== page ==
Making the business case for brand change
Connecting brand strategy to business results
Competitors are gaining ground. The look and feel of products within your company’s portfolio needs a refresh. Employees are uninspired and disengaged. Your brand has outgrown (or underutilized) its current identity or positioning. Whether the realization came about as a result of formal analysis or your personal observations, you know your brand isn’t working hard enough for your business—and something’s got to change.
However, to make the kinds of changes that will drive your business forward, you also know that investment and support from the top of your organization will be required. As you prepare to make the business case for brand change, you will probably have questions to answer:
- How should the brand be positioned?
- What is the optimal brand architecture?
- What kind of investment will be needed?
- What value will this create for customers?
- What impact will this have on customer behaviors and revenues?
- What ROI can we expect?
Answering these questions requires a very diverse set of skills, from developing strategy to consumer research, analytics and financial modeling, determining the investment required and, crucially, the articulation of a compelling case. It requires a holistic view of a brand that can connect the dots between the way your brand functions, how its expression influences customer perceptions and behaviors and, ultimately, how the strength of your brand impacts financial performance.
By bringing together market, brand, competitor, and financial data, the brand valuation model provides a framework within which strategic options can be assessed and business case modeling conducted.
In addition to brand value, business case modeling will include estimates of top and bottom line improvements, as well as expected changes in business value.
To fully harness the power of your brand to drive choice, win loyalty and command a premium, specialist skills must be brought together and combined with a strategic overview. The goal, of course, is to secure future earnings and increase market share, but to arrive there, your brand must stay relevant. What will the future look like? Is the total experience of your brand one that is likely to create identification, differentiation and value next quarter, next year, or five years from now? Knowing how your brand impacts financial results is critical to maximizing brand and business value and staying competitive—and profitable— in the long-term.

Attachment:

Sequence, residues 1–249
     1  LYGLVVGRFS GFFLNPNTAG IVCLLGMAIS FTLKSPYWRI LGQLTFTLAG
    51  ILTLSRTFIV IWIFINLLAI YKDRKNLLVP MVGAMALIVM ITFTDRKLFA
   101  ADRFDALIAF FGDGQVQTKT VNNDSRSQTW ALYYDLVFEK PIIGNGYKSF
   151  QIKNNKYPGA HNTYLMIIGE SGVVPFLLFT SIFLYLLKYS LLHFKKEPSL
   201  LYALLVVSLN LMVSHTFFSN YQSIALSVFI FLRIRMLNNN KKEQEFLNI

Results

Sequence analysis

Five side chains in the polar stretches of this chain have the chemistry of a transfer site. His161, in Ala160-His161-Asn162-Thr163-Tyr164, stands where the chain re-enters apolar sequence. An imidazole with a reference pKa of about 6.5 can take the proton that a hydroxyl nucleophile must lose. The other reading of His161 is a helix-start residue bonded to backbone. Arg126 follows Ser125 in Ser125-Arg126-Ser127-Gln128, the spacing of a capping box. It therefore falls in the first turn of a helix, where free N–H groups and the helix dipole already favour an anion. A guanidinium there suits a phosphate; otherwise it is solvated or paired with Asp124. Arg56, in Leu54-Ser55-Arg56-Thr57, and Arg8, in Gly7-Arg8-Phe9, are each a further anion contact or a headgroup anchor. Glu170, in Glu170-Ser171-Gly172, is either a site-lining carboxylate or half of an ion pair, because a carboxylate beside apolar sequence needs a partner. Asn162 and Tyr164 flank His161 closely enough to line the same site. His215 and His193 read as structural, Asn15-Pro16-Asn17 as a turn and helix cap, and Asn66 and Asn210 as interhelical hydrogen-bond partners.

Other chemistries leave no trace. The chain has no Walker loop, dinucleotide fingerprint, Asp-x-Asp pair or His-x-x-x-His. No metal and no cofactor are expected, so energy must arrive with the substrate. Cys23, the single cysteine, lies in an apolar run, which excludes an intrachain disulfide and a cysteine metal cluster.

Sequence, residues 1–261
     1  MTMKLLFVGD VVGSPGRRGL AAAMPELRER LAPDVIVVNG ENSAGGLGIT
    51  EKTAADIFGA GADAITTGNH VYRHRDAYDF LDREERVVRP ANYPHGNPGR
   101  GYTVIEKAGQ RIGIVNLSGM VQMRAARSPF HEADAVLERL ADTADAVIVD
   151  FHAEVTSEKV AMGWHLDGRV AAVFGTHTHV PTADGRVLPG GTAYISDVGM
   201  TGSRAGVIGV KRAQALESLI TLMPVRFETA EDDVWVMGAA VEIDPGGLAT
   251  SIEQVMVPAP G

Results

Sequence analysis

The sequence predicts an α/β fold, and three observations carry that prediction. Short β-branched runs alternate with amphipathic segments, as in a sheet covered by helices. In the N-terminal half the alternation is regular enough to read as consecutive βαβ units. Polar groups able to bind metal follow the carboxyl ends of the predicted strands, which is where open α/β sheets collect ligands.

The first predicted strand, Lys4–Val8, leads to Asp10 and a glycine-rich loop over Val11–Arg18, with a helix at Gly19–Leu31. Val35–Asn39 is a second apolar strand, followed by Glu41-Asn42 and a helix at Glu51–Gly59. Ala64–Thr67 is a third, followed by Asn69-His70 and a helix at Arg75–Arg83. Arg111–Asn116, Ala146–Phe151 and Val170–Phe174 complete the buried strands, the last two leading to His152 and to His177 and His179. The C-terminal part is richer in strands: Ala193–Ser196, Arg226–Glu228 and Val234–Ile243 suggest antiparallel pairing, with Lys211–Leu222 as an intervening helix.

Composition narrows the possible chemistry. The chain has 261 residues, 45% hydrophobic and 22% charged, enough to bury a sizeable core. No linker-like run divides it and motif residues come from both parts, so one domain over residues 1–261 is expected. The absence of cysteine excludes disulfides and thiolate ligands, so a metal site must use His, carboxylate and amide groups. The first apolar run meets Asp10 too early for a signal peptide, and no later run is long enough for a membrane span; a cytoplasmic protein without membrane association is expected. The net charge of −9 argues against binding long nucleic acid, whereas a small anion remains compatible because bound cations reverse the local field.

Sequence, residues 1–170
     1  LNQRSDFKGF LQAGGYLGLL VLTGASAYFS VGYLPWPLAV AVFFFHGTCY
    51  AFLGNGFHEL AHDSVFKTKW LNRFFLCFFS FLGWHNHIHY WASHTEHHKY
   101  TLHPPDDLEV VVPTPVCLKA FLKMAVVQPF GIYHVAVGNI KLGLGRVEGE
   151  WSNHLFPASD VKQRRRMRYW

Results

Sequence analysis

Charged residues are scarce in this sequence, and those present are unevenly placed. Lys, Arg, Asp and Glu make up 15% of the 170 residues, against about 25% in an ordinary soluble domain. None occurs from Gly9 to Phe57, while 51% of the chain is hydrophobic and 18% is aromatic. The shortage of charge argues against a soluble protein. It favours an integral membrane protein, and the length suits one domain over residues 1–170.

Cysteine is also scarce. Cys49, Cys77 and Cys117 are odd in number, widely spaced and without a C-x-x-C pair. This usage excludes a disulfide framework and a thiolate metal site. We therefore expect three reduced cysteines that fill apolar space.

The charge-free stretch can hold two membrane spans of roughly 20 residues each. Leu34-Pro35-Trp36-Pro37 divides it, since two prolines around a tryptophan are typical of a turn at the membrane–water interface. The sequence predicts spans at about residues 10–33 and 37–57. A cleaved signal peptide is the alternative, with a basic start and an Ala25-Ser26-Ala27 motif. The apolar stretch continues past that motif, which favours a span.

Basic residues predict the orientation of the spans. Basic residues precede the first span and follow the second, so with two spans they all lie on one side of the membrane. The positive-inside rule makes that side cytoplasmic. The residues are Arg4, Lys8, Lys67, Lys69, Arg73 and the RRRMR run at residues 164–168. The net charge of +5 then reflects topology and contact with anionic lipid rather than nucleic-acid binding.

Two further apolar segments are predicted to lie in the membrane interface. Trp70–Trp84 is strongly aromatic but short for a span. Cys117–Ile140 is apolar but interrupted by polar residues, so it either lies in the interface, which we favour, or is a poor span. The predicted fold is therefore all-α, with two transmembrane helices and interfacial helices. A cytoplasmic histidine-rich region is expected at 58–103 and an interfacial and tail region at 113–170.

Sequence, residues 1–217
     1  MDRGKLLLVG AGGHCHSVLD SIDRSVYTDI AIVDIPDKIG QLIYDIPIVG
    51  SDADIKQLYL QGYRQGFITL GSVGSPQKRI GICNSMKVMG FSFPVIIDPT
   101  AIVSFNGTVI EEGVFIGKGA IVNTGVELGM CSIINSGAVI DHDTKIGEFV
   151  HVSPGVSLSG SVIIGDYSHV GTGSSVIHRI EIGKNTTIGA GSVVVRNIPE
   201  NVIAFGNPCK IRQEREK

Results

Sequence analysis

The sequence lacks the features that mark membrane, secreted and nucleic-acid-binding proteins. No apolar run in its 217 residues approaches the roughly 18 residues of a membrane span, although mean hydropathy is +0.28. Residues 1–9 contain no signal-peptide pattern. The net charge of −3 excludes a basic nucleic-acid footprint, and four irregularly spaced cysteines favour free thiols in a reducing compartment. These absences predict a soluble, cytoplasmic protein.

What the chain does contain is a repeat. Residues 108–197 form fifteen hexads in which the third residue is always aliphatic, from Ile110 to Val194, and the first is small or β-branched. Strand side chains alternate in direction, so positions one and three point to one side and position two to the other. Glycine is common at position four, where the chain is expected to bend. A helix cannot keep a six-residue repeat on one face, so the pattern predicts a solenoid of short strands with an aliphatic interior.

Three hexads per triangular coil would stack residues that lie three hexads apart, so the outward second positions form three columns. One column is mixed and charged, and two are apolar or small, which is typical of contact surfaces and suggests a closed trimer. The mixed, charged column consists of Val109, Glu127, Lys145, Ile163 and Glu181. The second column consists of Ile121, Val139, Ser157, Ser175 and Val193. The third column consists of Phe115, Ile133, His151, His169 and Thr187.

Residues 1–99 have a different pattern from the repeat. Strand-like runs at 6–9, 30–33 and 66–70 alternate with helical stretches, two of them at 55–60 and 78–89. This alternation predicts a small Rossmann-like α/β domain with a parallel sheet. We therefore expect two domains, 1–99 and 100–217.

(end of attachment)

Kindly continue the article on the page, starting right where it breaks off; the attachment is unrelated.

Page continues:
Interbrand’s approach to business case development
Many firms claim to be able to evaluate strategic branding options. However, very few have the range of skills needed to tie the impact of branding to financial results (and therefore brand and business value). In order to do this, you must first establish the key value drivers for the business. In the telecom sector, for example, the biggest driver is typically subscriber turnover or churn, but ARPU (average revenue per user) and subscriber acquisition rates are also important. In financial services, the drivers include customer numbers, average products per customer, or balance on account. In the automotive sector, the drivers are typically unit sales volumes, average selling price and dealer incentives.
To fully appreciate how value is generated, it is critical to understand the relationship between brand perceptions and the value driving customer behaviors we want to model. Using retail as an example, if we are able to create a more engaging in-store experience, we can expect that customers will spend more time shopping and enjoying The atmosphere. When encouraged to experience a retail environment at their leisure, customers tend to purchase more, and potentially higher-value, items. However, in order to gain any real advantage regarding revenue generation, it’s not enough to know that this sort of change is generally beneficial—you need to know how to make it happen and exactly where you might need to invest.
Before committing resources to brand changes, businesses want to know if the changes will be worth making and what the nature of those changes might be. To that end, a range of research and analytical techniques are available to help organizations better understand the connections between customer perceptions and value driving behaviors. At Interbrand, we deepen our understanding of these relationships by connecting existing data from across the business (such as data from market research, CRM, and financial systems) and also commissioning new research (which may involve testing new concepts or brand propositions).
Once research and testing have helped identify what kinds of changes might be necessary and how the brand might benefit from implementing them, a commitment to invest is the next step. In most cases, upfront investment is usually needed to get improvements underway. This may also be followed by ongoing operational costs to, for example, deliver certain hallmark experiences to support a revitalized brand proposition. To help inform decision-making and make the case to upper management and the board for investment, we examine the variables in a financial model of the business, compare the potential upside with the cost to deliver, present strategic options for brand change, and show how each approach is expected to impact brand and business value.